Urban Lab: Iceland
“What could possibly be urban about Iceland?” The question that Urban Studies major Nina Grigg ’24 encounters when she tells people about her field study trip is exactly the question that she and her fellow students set out to answer when they traveled there last fall.
In October 2022, while enrolled in Assistant Professor Joyce Hsiang’s course “Urban Lab: An Urban World”, Grigg was one of five undergraduates who accompanied the Yale School of Architecture professor on an intense five-day trip to Iceland to visit the sites and study the issues that Hsiang is investigating in her research.
Hsiang’s research project “Sites Unknown: An Atlas of Architecture & Urbanization in the Anthropocene,” which is funded by the MacMillan Center for International and Area Studies at Yale, explores how even the most remote places—from the South Pole to the North Pole, the depths of the ocean floor to outer space—are in fact urban, mapping out how a series of seemingly un-urban sites are inextricably linked to global systems and urban life.
During Fall Recess, Hsiang explained, she and the students sought to discover “how humans relate and adapt to our changing environment, with visits to the profound landscapes of melting glaciers, renewable energy, and once thriving port towns.” (The students’ travel was supported through a School of Architecture fund.)
The group traveled the entire ring road around the island—almost 1,000 scenic miles—stopping at many turf houses, greenhouses, community pools, power plants, lava fields, and glacier lagoons. They also met with Icelanders grappling with the local effects of global human impact, including the founder of a vertical farm on the outskirts of Reykjavik and the former Mayor and Culture Minister of a herring town that has become a cruise ship terminal.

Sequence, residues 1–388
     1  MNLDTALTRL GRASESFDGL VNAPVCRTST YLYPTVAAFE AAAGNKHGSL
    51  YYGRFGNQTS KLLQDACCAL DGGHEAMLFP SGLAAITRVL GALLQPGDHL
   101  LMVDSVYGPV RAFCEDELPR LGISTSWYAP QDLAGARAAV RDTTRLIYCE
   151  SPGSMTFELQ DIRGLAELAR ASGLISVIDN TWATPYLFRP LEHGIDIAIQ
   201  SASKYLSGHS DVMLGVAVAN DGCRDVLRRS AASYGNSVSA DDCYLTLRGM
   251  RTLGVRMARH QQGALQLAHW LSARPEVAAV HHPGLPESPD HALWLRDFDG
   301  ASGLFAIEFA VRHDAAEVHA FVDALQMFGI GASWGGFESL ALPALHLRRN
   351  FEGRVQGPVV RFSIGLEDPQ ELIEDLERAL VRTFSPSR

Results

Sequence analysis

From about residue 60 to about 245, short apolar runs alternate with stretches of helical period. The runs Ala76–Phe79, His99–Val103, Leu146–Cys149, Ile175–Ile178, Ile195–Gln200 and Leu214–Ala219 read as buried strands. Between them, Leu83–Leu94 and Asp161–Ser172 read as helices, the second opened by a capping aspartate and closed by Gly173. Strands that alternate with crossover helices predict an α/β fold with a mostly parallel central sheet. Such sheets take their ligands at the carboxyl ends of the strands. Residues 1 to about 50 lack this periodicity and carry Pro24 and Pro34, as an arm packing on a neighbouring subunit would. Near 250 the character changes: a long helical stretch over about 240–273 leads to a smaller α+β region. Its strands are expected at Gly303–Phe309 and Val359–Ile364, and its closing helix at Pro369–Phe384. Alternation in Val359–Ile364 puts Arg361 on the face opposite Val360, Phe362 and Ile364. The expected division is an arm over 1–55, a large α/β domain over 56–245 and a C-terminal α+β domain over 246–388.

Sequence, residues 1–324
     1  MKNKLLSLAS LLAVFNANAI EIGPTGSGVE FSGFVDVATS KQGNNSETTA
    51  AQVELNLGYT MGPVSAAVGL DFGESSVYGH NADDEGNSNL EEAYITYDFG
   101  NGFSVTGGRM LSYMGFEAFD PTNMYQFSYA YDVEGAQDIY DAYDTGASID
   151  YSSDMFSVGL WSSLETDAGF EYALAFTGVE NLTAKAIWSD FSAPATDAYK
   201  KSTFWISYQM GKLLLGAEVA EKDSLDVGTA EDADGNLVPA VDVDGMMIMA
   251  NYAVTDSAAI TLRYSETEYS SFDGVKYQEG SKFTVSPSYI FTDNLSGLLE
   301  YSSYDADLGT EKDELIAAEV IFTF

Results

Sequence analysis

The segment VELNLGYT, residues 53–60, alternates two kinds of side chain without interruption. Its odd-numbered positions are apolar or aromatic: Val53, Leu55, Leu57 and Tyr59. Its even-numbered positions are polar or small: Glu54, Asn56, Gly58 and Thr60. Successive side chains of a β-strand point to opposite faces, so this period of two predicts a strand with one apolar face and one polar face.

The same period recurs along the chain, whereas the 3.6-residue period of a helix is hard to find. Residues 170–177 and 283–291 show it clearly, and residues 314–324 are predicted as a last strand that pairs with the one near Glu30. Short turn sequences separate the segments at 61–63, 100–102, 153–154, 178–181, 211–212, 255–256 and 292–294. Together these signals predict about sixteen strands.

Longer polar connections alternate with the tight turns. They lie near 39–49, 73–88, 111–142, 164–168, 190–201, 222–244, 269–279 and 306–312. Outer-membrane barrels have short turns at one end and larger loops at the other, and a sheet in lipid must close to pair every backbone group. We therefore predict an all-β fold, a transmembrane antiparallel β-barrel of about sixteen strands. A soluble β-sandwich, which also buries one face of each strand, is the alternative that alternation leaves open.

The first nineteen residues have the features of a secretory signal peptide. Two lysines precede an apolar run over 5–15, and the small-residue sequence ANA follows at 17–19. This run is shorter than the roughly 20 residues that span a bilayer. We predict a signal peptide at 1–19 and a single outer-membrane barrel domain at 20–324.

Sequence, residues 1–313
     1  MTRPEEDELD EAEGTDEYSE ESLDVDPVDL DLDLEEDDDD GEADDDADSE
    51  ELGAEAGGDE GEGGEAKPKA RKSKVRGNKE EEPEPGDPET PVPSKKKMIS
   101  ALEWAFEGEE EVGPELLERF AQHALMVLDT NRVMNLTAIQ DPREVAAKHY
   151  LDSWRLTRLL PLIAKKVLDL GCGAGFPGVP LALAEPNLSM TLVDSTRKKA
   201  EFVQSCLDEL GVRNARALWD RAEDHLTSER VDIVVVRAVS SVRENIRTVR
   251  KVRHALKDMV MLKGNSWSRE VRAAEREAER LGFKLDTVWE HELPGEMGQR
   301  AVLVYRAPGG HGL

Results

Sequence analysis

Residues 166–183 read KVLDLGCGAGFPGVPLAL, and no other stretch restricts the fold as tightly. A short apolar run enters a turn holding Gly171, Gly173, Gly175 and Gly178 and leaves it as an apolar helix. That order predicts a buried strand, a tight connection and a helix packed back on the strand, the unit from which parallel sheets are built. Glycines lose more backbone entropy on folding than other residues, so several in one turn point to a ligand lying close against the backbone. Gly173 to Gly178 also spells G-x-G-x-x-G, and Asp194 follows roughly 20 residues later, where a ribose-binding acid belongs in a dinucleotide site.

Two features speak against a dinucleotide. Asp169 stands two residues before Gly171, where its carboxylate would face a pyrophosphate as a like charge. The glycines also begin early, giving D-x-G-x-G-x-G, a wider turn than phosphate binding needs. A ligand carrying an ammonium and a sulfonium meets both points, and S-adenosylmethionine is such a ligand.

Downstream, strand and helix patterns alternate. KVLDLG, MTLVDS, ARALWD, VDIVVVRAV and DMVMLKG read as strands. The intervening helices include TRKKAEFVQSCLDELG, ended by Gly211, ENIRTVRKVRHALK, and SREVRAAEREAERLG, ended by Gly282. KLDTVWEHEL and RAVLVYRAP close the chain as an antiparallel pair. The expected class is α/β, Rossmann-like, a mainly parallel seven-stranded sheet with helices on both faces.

Grigg described the trip as transformative for the whole group. Their trip to Stjornarfoss waterfall, which she describes as “a quintessentially Icelandic landscape of a cascading waterfall flanked by two volcanic hills covered in ancient moss,” epitomized the answer to their question for this Urban Studies student.
“One might think this landscape is some serene vision of nature,” she said, “However, everything in this picture is urban, shaped by the Anthropocene human.” The hills are bare “only because Vikings deforested the previously-lush island in 850, forcing Icelanders to build their houses out of turf.” The waterfall flows between those hills “only because climate change-induced glacial melt rerouted rivers to form it.” (Nearby, Iceland’s longest bridge, which was built in the 1970s over a glacial river, now stands over dry land.)
“In the era of the Anthropocene, ‘natural space’ as we typically conceive it no longer exists,” Grigg concluded, “Everything is part of the urban mesh.”
This revelation will inform Grigg’s further studies. For her senior thesis, Grigg plans to focus on the possibilities of urban society in a more desolate landscape: the moon. She explained, “In my research, I hope to open up a conversation about the place that the moon already is as we consider the cities we might be building on it in the not-too-distant future.”
Hsiang, who seeks to raise awareness about our connected urban existence and impact on the planet through this and other related projects, sees the success of “Sites Unknown” as twofold. She explained, “My research through the support of the Macmillan Center was not just beneficial for me, but extended into the classroom, providing the foundation for this educational experience which students have described as transformative and life-changing.”